With 2807 in service, it was not surprising that only John T and myself turned up at Todders. I had sprained my back doing gardening last week, so I was limited in what I could do. This amounted to some tweaking of the conduit and painting some brushes for boot scrapers. Bruce had commented that the one joining sleeve that we had fitted looked a bit cumbersome, and offered to “adjust” it with an angle grinder. However, I looked today and found that we have 5 of the original type of joining sleeve. So I replaced the one we’d fitted with an old one. I cleaned them all up, too, ready for use.
John T had already started cleaning rail chairs before I arrived. He pressed on with this on his own, completing five by end of play - including painting their bottoms black.
I nipped off to Winchcombe to get signatures on 100 Club winners’ cheques, but when I arrived at the siphon, there was no one there!
So, I thought I’d at least take a couple of photos of the doors. There’s the one that still needs refurbishing …
And there’s this one that is complete all but for a lick of paint …
Note the deliberate hole in the door. This is for putting one’s hand through. On the inside there’s a guillotine …
No, seriously, it’s a sliding plate to keep wind & rain out (though wind is a bit pointless as the van has slatted sides!) and allow the door to be opened (but the handle doesn’t seem to have been fitted yet). Either that, or it was intended for when the siphon was used as an ambulance train, and the hole is to pass food through to infectious patients …
I had to pop down to Todders briefly. Coincidentally, it was the grand celebration of P&O finally hauling passengers. I figured that every photographer and his dog would be out snapping away. So, when I saw the zebra crossing, I thought that would be amusing - albeit nothing to do with 2807.
That incidental loco in the shot was only running on three cylinders, apparently. Sounded most odd!
Confused? You will be ….
… Bruce told me that last Thursday something was playing up on the vacuum system. Mark Y had investigated, checking everything on the loco that was connected with vacuum, and could not find a cause. Judging by one small pipe below the cab floor appearing to be at an odd angle (i.e. not straight) MY assumed that to be a possible cause. He rang Gilbert to alert him, and Gil rang Bruce.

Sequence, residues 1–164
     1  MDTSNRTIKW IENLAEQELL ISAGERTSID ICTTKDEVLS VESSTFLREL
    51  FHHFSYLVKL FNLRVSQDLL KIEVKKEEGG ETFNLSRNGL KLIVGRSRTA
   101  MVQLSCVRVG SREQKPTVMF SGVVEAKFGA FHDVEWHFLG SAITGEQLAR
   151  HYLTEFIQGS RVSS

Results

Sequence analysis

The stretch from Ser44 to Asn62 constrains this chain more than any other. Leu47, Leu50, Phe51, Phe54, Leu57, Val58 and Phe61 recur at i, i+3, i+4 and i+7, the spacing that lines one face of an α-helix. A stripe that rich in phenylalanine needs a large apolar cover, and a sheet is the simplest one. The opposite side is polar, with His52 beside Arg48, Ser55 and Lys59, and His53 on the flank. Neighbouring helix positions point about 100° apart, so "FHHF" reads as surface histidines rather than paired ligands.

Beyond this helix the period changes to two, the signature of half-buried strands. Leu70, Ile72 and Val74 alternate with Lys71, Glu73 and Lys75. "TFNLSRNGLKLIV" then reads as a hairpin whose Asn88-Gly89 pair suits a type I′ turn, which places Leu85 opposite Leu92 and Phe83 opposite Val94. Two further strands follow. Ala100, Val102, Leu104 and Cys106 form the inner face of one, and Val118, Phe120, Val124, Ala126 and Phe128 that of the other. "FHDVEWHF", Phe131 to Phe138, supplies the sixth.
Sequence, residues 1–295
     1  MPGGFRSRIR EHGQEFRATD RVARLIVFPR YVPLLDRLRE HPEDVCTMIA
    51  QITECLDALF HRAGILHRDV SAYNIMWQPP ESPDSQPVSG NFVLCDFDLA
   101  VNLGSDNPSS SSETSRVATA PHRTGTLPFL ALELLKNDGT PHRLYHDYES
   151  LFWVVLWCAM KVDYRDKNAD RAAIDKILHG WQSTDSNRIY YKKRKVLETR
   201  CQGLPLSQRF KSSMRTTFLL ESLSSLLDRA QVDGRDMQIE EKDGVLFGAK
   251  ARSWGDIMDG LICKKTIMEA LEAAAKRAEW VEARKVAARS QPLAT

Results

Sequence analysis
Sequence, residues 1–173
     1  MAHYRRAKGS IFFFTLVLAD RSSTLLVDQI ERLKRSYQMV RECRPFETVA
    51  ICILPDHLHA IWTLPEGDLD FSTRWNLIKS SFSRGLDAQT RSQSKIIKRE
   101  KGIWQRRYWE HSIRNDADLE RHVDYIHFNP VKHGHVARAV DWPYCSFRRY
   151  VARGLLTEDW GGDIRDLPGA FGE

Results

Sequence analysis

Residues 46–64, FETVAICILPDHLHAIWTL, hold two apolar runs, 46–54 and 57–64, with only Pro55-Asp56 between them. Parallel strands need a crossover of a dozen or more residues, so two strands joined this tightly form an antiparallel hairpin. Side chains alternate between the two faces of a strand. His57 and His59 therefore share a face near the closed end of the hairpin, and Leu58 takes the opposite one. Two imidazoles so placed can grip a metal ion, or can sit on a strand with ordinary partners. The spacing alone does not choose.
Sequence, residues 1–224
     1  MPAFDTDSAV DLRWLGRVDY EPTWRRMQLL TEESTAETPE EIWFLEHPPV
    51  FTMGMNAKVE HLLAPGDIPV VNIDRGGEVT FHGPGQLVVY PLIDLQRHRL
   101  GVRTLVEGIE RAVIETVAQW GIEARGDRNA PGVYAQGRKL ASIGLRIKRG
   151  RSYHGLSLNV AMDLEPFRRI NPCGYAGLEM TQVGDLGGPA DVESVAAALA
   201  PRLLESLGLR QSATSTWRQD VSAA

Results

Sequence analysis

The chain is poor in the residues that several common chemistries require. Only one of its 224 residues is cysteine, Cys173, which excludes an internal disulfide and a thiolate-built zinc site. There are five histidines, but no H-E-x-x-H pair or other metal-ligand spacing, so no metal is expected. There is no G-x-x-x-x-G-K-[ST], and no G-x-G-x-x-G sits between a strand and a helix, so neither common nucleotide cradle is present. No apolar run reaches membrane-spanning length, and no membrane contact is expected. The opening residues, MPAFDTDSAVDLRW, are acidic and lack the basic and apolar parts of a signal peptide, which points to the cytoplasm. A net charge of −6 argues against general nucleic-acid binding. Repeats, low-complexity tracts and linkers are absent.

On Friday, Bruce & Gil went along to investigate. Search as they may, they could not find a leak. The only thing they found was that one lengthy pipe under the loco was clamped at one end but not at the other. Bruce used rubber and jubilee clip to clamp it to the train pipe to prevent it from oscillating. While under there, Bruce noticed that the piston beneath the vacuum cylinder on the tender was stuck right up at the top of its travel. The new brake blocks had obviously worn more, and so he & Gil adjusted the brakes on the tender and also on the loco.
Back to Wednesday: With 2807 still in service, and the weather being really teasing (you get the chair cleaning equipment out … then it rains … adjourn for cuppa … sun comes out … dash out and start cleaning … rain … inside for early lunch … sun … out for cleaning … Between Bruce & I, we managed to clean just one rail chair! In fairness, Bruce did manage to get to the loco to see if today’s crew had experienced any issues. They hadn’t.
John G had a more successful day, as he had been painting rail chairs inside the TPO!
Mike-the-Lamp popped in to check our loco lamps, as they will be needed for the gala in another week’s time. The three white loco lamps are all OK (though we don’t have a red screen for any of them … not that that should matter to the loco). However, the innards of our gauge frame lamp have gone AWOL. Mike seemed to recall that there had been a visiting loco whose lamp innards were faulty, and ours was “borrowed” to enable theirs to be used. It seems likely that our innards went back with their lamp … which is a bit of a bind.
Mike is now responsible (on behalf of the railway) to replace our missing innards.